Do this, don’t do that
I’ve never really been the type to vehemently boycott any particular product or retail outfit, or at least not the type to be pushy about it. I try to follow a “live and let live” philosophy, and could care less if you buy your groceries from Wal-Mart instead of the local co-op or regional chain, or if you eat meat, or if your jewelery is conflict free.
I’m also not the average consumer either. I also don’t have kids to feed or clothe or pacify with toys. I don’t own a home and my roller skate of a car (mid 90s Hondas rule!) is paid for, and I have no desire to own a new one.
In this vein, my personal boycott of any one product/company probably wouldn’t amount to much. But I do believe that cumulatively, it might. It makes me think of a hilariously apt headline I saw in an issue of the Onion: “‘How Bad for the Environment can Throwing Away One Plastic Bottle Be?’ 30 Million People Wonder.” (On a semi-related note, I heard the other day that last year, the U.S. threw away enough plastic water bottles to circle the Earth three times.)
That being said, I think everyone can benefit, or at least learn something, from a good old-fashioned collective boycott. And this summer, we bloated Americans have a lot to abstain from.
On May Day, at Voces de la Frontera’s peaceful rally in Walker’s Point, pamphlets were circulated listing various Arizona-based companies to boycott in the wake of SB1070, hoping that business owner would feel the burn and use whatever pull they had with local government to halt the draconian immigration bill.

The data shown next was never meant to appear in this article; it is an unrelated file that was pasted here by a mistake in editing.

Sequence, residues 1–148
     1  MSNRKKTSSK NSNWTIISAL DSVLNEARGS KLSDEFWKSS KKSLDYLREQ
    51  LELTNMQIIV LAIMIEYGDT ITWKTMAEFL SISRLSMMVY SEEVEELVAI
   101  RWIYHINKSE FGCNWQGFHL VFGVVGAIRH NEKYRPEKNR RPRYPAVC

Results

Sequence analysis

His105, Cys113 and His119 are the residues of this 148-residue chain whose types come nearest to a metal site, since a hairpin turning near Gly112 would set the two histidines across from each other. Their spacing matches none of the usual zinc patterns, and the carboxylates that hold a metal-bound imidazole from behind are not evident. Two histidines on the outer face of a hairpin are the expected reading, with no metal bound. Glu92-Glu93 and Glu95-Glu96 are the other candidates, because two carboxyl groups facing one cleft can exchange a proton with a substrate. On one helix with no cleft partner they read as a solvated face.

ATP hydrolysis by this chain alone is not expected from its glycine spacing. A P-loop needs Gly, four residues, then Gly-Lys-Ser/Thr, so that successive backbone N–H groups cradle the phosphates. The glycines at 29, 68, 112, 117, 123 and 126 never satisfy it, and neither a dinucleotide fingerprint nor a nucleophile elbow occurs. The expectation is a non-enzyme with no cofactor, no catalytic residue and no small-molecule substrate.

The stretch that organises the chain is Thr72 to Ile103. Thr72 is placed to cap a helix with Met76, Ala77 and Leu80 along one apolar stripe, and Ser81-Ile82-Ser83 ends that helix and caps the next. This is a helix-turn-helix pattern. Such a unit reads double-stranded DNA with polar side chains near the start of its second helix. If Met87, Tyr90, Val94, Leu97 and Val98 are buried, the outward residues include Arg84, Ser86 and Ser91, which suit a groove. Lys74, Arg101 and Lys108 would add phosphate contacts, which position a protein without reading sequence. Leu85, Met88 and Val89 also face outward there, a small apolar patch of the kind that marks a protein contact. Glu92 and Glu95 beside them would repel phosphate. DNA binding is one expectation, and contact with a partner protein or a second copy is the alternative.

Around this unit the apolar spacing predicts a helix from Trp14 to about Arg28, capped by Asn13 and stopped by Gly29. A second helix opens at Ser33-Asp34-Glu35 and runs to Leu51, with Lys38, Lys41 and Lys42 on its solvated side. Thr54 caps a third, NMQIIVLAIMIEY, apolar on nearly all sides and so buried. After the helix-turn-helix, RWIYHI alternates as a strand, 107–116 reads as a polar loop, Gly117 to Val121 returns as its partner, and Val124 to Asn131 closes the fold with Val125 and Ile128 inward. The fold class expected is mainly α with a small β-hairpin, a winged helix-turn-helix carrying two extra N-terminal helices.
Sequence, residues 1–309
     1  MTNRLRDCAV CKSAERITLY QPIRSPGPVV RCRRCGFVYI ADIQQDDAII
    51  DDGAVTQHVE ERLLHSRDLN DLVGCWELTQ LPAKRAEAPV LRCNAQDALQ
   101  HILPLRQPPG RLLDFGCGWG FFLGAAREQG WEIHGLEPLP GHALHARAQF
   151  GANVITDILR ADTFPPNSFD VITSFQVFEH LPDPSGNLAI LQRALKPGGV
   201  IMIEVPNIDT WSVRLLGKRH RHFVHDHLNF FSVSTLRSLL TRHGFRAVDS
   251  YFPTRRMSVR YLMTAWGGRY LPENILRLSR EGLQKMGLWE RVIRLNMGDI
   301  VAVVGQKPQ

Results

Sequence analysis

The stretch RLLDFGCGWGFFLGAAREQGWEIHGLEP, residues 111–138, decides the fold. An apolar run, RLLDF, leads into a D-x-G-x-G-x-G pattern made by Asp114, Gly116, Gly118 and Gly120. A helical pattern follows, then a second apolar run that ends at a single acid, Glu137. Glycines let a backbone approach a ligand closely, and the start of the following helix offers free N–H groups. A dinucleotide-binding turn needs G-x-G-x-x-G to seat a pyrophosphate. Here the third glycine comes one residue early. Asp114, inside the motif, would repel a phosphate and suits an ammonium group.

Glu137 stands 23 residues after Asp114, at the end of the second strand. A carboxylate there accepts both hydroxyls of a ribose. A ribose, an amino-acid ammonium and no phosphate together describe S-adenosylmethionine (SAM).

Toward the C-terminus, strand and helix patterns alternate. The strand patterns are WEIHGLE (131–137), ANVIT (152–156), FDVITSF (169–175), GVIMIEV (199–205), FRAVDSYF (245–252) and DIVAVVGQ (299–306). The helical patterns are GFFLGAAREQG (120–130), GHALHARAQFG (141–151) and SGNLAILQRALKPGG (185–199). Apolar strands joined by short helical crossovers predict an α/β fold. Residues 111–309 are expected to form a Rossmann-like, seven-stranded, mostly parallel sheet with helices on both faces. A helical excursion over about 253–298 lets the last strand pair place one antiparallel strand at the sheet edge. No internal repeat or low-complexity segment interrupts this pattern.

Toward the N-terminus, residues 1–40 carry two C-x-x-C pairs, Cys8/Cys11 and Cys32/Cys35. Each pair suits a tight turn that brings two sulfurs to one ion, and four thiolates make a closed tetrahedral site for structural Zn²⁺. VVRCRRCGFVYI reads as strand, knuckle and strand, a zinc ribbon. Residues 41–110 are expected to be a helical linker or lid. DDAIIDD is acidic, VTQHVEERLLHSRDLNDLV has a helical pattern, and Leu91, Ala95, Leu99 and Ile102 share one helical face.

U-Haul, Henkel (makers of Dial Soap, Right Guard, Soft & Dry), Best Western Hotels, PetSmart and Cold Stone Creamery all made the list. This was easy, considering that U-Haul is an expensive racket, I don’t wear deodorant or have a pet, am lactose intolerant and have no reason to stay at a hotel in the near future. Done and done.
And anything I can do to make racists mad is fine by me, even if it is in a roundabout manner. And yes, I’m calling SB1070 and its authors racist.
Next it was BP, which is nearly impossible to escape. They have their grimy fingers in a lot of U.S. pots and simply not filling up at a BP station doesn’t ensure that you’re not consuming their product. Though most gas stations in our area wear the BP name tag, if you can find an Arco or Amoco station around here, don’t be fooled. BP bought them a few years ago. Use Castrol motor oil? That’s BP too.
The argument has been made that boycotting BP hurts local franchise owners more than anything — driving their sales way down while the inexplicably baffled executives at British Petroleum play “aww shucks” on television in their fancy suits. And that’s an unfortunate side effect.
But the spill succeeded at making the entire nation feel a crushing sense of outrage mixed with helplessness, and lobbed another disaster at a barely-recovering Gulf.
It’s overwhelming to think of the magnitude of it all. I will go miles out of the way to steer clear of a BP station. Sorry, local franchise owners. Can’t do it.
A few weeks ago, I got a notification from Adbusters about a viral campaign to begin a worldwide boycott of Starbucks and Gloria Jeans. It seemed like old news. Does anyone need to be reminded that the once-great purveyor of coffee beans had morphed into a giant corporate squid — reaching it’s syrupy tentacles around the globe and devouring local shops in the process?
Considering that stores are still popping up all over the world and continuously reaching into untapped corners of rural America, replacing farmland with beige strip malls, a significant portion of the Earth’s population doesn’t see a problem with it.